Louisiana joins a growing list of states, including New Jersey, Massachusetts, Ohio, and New York that are considering legislation, here and here,  that would require insurance coverage for the business interruption losses caused by COVID-19.  We have discussed other legislative efforts here and here.  The Louisiana House and Senate have each put forth

Following New Jersey, where similar legislation remains under informal discussion, lawmakers in Ohio, Massachusetts, and New York have now introduced legislation that would provide relief to small businesses for COVID-19 business interruption losses.  The legislation is conceptually identical to the legislation introduced in New Jersey, discussed here last week.  Although the New Jersey bill was

Last week, we reported that the New Jersey General Assembly passed a bill that would force property insurers to cover certain business interruption losses arising from COVID-19.  The bill presented a lifeline to small businesses in New Jersey that are being racked by the economic fallout stemming from COVID-19.  Before reaching the New Jersey

On March 16, 2020, the New Jersey General Assembly passed a bill that would force property insurers to cover business interruption losses arising from the COVID-19 virus sustained by small businesses (less than 100 employees working more than 25 hours a week); a copy of the bill can be found here.  Significantly, the bill would force coverage even where the insurer believes its policy should not apply.  In particular, the bill provides that property policies in effect as of March 9, 2020, will be construed as providing “coverage for business interruption due to global virus transmission or pandemic,” including COVID-19.  As written, the law would defeat any attempt by insurers to rely on exclusions that purport to preclude coverage for business income loss resulting from viruses, including the much-touted ISO CP 01 40 07 06 Virus or Bacteria Exclusion that insurer-side advocates have been championing as a purported bar to COVID-19 losses.  The bill would provide much-needed relief to the New Jersey policyholders that are enduring the worst of COVID-19’s economic impact with the least ability to withstand it.

Continue Reading

Social engineering attacks, particularly fraudulent transfers, are becoming one of the most utilized cyber scams.  As a result, there has been a flurry of litigation, and a patchwork of decisions, concerning coverage disputes over social engineering losses.  Most recently, the United States District Court for the Eastern District of Virginia found in Midlothian Enterprises, Inc. v. Owners Insurance Company, that a so-called “voluntary parting” exclusion provision in a crime policy should exclude coverage for a fraudulent transfer social engineering scheme.  The decision illustrates why policyholders must vigilantly analyze their insurance policies to ensure that their coverages keep pace with what has proven to be a rapidly evolving risk landscape.

Continue Reading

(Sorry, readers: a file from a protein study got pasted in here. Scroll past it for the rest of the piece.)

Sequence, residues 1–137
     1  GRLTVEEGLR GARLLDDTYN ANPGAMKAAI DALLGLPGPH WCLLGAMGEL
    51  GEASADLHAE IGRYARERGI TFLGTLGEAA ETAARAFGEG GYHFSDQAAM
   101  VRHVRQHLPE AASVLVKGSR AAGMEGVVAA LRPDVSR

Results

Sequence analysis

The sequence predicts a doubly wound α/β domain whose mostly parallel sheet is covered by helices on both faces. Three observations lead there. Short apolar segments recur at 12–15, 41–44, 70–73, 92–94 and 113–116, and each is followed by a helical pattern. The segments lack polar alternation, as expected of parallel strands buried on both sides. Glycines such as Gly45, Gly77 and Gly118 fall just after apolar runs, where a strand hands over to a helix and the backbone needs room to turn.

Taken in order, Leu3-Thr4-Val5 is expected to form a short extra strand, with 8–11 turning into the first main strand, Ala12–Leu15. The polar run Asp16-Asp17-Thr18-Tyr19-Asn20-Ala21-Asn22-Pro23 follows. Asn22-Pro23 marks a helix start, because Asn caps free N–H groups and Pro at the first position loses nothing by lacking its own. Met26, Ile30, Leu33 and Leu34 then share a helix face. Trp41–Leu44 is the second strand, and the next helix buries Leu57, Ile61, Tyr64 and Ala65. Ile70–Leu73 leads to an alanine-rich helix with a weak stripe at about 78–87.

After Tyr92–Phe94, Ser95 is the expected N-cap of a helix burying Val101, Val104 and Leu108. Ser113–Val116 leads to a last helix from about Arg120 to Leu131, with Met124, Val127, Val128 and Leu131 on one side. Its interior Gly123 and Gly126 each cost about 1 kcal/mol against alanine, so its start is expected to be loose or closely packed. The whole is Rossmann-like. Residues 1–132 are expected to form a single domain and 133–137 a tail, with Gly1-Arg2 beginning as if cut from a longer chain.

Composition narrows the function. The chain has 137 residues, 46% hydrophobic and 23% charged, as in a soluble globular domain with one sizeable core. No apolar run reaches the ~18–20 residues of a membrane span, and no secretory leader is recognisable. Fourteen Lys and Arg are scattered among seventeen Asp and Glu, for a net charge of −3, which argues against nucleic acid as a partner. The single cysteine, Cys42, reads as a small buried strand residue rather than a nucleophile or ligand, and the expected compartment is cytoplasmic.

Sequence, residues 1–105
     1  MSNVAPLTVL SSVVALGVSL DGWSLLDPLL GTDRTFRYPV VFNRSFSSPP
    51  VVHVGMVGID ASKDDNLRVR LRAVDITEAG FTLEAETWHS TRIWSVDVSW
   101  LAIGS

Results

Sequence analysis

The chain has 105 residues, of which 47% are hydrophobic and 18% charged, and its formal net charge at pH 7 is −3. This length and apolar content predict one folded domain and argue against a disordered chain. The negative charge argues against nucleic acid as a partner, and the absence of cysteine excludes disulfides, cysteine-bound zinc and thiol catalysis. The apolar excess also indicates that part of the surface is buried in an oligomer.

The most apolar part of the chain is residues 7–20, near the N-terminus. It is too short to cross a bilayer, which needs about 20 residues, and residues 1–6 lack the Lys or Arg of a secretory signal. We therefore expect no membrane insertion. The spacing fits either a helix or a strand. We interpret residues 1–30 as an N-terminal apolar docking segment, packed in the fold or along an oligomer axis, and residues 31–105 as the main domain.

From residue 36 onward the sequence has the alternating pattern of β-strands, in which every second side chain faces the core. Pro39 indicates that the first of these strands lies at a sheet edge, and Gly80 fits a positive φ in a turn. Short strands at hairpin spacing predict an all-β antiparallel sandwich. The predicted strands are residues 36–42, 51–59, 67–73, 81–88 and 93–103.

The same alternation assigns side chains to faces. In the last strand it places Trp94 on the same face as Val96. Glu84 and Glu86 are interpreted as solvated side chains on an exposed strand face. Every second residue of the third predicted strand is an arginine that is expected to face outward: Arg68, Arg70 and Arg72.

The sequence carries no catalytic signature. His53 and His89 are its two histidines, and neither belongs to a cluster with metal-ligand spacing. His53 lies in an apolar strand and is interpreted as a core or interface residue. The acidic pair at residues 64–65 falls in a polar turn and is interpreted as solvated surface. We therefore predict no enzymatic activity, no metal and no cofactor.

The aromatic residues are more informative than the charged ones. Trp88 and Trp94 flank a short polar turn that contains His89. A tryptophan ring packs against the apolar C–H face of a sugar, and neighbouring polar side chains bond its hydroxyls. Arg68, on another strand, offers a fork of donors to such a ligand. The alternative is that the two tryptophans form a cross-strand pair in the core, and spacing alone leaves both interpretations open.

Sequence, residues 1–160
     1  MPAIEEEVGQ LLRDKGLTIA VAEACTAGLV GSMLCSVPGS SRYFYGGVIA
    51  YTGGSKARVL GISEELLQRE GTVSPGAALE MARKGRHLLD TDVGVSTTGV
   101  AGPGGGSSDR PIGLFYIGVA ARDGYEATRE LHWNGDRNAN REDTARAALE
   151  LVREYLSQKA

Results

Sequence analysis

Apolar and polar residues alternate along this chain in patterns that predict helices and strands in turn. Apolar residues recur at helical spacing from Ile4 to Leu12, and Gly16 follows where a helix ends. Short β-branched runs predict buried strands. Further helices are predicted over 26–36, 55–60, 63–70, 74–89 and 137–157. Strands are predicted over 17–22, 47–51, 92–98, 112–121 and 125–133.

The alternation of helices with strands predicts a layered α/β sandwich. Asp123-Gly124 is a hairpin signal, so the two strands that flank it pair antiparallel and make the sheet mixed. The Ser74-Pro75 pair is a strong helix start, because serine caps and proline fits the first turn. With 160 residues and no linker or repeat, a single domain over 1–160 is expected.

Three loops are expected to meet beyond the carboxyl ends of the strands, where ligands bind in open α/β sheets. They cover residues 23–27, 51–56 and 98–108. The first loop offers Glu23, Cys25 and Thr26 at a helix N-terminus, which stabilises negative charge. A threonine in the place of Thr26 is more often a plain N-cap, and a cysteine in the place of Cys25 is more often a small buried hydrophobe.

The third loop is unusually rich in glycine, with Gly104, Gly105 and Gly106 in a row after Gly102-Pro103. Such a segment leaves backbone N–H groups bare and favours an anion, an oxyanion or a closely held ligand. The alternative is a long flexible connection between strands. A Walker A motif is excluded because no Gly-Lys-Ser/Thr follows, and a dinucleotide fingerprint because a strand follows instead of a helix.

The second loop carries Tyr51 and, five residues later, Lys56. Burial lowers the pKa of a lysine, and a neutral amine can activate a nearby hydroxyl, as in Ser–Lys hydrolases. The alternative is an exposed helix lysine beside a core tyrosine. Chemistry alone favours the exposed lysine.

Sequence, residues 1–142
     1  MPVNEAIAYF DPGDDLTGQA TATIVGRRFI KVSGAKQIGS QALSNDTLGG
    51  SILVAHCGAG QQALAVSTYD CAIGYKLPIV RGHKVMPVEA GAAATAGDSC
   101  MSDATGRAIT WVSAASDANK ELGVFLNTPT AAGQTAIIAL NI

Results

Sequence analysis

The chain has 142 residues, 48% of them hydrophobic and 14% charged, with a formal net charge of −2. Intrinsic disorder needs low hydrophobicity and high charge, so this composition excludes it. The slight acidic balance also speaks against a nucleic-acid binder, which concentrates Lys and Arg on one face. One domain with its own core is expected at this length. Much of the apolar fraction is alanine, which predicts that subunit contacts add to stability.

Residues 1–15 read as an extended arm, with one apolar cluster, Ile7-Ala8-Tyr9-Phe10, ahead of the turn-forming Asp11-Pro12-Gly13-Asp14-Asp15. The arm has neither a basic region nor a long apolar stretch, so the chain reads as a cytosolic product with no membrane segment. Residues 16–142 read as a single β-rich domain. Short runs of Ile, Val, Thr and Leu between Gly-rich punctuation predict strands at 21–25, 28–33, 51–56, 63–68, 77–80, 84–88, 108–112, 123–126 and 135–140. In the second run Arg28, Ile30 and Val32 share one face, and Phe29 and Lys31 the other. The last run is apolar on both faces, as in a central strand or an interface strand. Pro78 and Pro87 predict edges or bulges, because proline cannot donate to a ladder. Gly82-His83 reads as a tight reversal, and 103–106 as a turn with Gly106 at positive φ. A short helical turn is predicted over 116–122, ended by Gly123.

A New York federal court denied AIG Specialty Insurance Company’s (“AIG”) motion to dismiss breach of contract and bad faith claims in a lawsuit filed by SS&C Technology Holdings, Inc. (“SS&C”). SS&C alleges that AIG breached its contract by failing to cover losses stemming from a cyber incident in which hackers duped the company out of millions of dollars.

Continue Reading

The Seventh Circuit recently withdrew its controversial opinion that broadly interpreted an exclusion in Emmis Communications Corporation’s D&O policy, thereby barring coverage for losses in connection with claims of circumstances “as reported” under Emmis’ other insurance policy. The reversal, while very rare, was the correct result that alleviated concerns about the chilling effect the court’s broad reading of the exclusion may have on policyholders’ decisions to provide notice under all potentially applicable insurance policies.

Continue Reading

Notwithstanding the absence of a congressional war declaration since Japan bombed Pearl Harbor, Zurich American Insurance Company has invoked a “war exclusion” in an attempt to avoid covering Illinois snack food and beverage company Mondelez International Inc.’s expenses stemming from its exposure to the NotPetya virus in 2017. The litigation, Mondelez Intl. Inc. v. Zurich Am. Ins. Co., No. 2018-L-11008, 2018 WL 4941760 (Ill. Cir. Ct., Cook Cty., complaint filed Oct. 10, 2018), remains pending in an Illinois state court.
Continue Reading

In a victory for policyholders, a New York trial court rejected insurers’ summary judgment arguments, ruling that an insurer must establish a common “fact, circumstance, situation, transaction or event” underlying an investigation before it can rely on a prior and pending litigation and investigation (“PPLI”) exclusion based on that earlier investigation. The court further ruled that the insurer cannot base its coverage denial on a common “fact, circumstance, situation, transaction or event” learned during the investigation.

Continue Reading